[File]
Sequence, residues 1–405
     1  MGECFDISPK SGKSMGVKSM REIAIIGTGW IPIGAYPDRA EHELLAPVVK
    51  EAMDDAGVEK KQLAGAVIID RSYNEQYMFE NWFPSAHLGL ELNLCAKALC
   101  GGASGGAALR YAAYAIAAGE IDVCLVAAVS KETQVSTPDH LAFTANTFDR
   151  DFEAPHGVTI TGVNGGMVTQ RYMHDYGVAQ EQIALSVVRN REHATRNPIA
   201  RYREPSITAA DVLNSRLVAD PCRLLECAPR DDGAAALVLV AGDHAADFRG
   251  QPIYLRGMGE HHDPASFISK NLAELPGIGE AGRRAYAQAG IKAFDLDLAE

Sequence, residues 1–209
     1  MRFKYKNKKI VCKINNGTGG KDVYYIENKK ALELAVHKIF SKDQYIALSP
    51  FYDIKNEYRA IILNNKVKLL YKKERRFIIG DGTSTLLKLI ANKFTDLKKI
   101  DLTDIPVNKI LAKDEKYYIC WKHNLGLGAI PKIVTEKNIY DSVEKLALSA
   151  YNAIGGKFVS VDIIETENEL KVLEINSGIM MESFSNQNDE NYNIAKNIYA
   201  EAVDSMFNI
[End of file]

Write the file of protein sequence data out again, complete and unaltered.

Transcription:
Sequence, residues 1–405
     1  MGECFDISPK SGKSMGVKSM REIAIIGTGW IPIGAYPDRA EHELLAPVVK
    51  EAMDDAGVEK KQLAGAVIID RSYNEQYMFE NWFPSAHLGL ELNLCAKALC
   101  GGASGGAALR YAAYAIAAGE IDVCLVAAVS KETQVSTPDH LAFTANTFDR
   151  DFEAPHGVTI TGVNGGMVTQ RYMHDYGVAQ EQIALSVVRN REHATRNPIA
   201  RYREPSITAA DVLNSRLVAD PCRLLECAPR DDGAAALVLV AGDHAADFRG
   251  QPIYLRGMGE HHDPASFISK NLAELPGIGE AGRRAYAQAG IKAFDLDLAE

Sequence, residues 1–209
     1  MRFKYKNKKI VCKINNGTGG KDVYYIENKK ALELAVHKIF SKDQYIALSP
    51  FYDIKNEYRA IILNNKVKLL YKKERRFIIG DGTSTLLKLI ANKFTDLKKI
   101  DLTDIPVNKI LAKDEKYYIC WKHNLGLGAI PKIVTEKNIY DSVEKLALSA
   151  YNAIGGKFVS VDIIETENEL KVLEINSGIM MESFSNQNDE NYNIAKNIYA
   201  EAVDSMFNI